Legal custody vs physical custody: What’s the difference?

Knowing your rights and responsibilities will help you be a better parent to your kids and co-parent to your ex.

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What's Inside

What's Inside

Figuring out child custody during a divorce process means determining two things: who has the right to make certain decisions about the child (called legal custody) and where the child lives (physical custody). The parents may share both types of custody, or one parent may have full custody in one or both areas of the child’s life.

Whatever the breakdown, both parents have responsibilities and rights. Use this guide to learn more about legal custody vs physical custody, how courts determine both types of custody and how an attorney may be able to help you with a custody case.

Legal custody refers to the authority granted to an individual to make certain decisions regarding a child’s well-being and upbringing. Typically, a parent with legal custody can make decisions regarding the child’s: 

  • Education
  • Health
  • Religious upbringing

A parent can have sole legal custody or joint legal custody of the child. 

  • When a parent has sole legal custody, they typically aren’t required to consult the other parent before making decisions regarding the child.
  • When two parents have joint legal custody, they share decision-making authority. 

Courts are typically hesitant to cut one parent out of the decision-making process entirely. So unless certain facts make sole legal custody more appropriate, most parents share joint legal custody.

Even if you don’t have legal custody, you have certain rights. For instance, a parent without legal custody might be entitled to visitation or parenting time. The amount of time and frequency of visitations are ultimately up to the court if the parties don’t agree to an arrangement willingly. During your parenting time, you may have the right to make decisions regarding the day-to-day care of your child.

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What is physical custody?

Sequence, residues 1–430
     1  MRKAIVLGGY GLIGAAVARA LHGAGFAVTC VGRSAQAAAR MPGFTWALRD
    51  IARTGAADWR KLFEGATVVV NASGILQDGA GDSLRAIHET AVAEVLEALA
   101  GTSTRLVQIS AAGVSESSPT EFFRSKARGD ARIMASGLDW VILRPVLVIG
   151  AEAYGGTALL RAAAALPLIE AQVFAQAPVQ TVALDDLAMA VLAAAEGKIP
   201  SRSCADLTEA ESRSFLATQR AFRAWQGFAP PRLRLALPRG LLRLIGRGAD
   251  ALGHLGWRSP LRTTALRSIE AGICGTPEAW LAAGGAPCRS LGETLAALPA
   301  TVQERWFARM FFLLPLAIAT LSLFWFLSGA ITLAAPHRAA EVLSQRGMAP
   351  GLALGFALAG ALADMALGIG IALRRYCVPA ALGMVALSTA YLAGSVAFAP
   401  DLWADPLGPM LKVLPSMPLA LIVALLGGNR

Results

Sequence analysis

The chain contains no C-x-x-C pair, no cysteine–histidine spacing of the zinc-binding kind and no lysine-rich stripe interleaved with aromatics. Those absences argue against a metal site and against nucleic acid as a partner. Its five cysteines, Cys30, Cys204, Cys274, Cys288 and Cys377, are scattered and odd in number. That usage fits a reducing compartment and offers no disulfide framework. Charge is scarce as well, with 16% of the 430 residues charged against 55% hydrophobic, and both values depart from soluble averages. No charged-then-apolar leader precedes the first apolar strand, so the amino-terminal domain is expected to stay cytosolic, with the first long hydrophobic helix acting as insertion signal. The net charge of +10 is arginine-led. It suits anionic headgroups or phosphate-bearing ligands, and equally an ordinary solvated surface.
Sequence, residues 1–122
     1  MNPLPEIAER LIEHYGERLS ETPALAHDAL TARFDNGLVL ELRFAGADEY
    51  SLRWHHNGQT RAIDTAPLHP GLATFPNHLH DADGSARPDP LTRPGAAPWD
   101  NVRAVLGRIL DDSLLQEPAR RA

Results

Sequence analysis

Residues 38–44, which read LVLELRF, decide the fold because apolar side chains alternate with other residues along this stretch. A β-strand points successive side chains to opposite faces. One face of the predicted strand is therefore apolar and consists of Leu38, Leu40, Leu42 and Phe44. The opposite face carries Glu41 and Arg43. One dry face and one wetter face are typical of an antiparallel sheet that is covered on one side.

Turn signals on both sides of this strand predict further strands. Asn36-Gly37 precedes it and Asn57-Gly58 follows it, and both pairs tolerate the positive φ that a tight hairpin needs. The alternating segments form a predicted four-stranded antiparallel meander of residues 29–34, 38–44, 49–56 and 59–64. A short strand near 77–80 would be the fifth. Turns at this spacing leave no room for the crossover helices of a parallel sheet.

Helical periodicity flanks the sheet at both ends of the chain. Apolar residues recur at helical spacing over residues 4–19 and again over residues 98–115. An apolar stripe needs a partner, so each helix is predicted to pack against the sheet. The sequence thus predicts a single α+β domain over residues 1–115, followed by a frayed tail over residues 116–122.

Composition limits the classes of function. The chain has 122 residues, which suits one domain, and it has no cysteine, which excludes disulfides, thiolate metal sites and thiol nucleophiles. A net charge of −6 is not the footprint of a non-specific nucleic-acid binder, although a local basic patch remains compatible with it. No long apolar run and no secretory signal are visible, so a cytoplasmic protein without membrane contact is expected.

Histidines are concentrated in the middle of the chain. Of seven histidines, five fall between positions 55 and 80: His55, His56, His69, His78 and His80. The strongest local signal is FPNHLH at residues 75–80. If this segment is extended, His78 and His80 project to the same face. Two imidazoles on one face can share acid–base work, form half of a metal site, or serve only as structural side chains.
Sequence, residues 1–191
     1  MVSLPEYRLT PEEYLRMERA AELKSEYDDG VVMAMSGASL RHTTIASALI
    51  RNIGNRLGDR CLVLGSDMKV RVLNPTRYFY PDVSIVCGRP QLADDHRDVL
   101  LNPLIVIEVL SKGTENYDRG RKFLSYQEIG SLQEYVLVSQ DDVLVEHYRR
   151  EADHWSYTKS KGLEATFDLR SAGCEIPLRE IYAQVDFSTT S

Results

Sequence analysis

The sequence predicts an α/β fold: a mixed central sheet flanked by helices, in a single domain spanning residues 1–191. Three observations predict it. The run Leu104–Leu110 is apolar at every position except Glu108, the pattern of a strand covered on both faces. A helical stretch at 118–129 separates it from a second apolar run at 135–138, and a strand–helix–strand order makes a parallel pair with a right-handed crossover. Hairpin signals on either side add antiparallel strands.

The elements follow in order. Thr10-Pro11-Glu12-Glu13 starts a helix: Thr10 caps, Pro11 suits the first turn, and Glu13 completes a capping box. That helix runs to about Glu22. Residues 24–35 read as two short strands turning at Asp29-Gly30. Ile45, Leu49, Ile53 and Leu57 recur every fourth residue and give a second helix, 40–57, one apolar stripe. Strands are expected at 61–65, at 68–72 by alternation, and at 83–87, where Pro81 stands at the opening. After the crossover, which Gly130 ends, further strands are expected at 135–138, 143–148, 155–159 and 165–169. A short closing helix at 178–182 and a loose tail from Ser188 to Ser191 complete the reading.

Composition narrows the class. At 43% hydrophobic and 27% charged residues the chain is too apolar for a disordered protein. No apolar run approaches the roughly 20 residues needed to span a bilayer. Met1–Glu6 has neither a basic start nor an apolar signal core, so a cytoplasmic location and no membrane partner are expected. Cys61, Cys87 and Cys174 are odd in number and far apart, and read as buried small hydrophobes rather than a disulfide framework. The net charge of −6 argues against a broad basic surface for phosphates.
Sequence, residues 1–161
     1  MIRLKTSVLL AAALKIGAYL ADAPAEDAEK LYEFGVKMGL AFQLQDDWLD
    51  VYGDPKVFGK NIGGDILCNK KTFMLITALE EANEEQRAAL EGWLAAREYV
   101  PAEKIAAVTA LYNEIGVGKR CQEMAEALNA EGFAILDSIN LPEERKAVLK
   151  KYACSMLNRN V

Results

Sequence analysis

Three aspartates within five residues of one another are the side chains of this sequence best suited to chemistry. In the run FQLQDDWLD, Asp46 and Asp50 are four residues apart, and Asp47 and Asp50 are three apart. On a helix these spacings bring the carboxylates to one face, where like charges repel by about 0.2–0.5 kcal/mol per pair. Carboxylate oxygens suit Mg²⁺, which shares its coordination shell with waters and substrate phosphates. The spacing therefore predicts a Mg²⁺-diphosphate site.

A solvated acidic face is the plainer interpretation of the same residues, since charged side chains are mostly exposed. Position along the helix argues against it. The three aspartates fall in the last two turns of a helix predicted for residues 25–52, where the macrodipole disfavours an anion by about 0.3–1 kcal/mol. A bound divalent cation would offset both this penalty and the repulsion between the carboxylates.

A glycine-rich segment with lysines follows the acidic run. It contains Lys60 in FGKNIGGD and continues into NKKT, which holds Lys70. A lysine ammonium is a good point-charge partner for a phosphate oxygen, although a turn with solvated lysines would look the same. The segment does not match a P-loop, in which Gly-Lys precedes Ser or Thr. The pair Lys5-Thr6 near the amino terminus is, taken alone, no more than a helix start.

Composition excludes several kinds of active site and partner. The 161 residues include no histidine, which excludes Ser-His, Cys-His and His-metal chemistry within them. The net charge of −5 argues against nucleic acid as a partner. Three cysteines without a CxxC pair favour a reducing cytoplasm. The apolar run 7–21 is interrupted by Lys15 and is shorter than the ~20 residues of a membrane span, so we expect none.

Physical custody focuses primarily on the physical care and supervision of the child. For example, physical custody governs matters such as: 

  • Where the child resides 
  • Which parent provides primary care and supervision of the child
  • Visitation and parenting time

As with legal custody, physical custody can be sole or joint.

  • Sole physical custody doesn’t typically mean that a parent has custody of their child all the time. In most cases, sole physical custody means the child primarily resides with one parent. Usually, the other parent has regular visitation with the child.
  • Joint physical custody doesn’t necessarily mean equal physical custody. It’s possible that one parent is awarded a greater portion of time with the child. 

Responsibilities of the non-custodial parent

While you have rights as the non-custodial parent, you may have certain obligations and responsibilities to comply with as well. Perhaps most important is the obligation to pay child support, if ordered by the court. 

In most cases, the non-custodial parent has a legal obligation to provide financial support to the custodial parent. This helps ensure that the child’s needs are adequately met and that the custodial parent has access to adequate funds to care for the child. 

Factors considered when making custody determinations

The court’s primary consideration in awarding legal and physical custody is the best interest of the child. Factors courts commonly use to determine what’s in the best interest of a child include the: 

  • Wishes of the child, taking into consideration their age and maturity level
  • Mental, physical and emotional needs of the child
  • Mental and physical health of the parents
  • Relationship between the child and their parents and other family members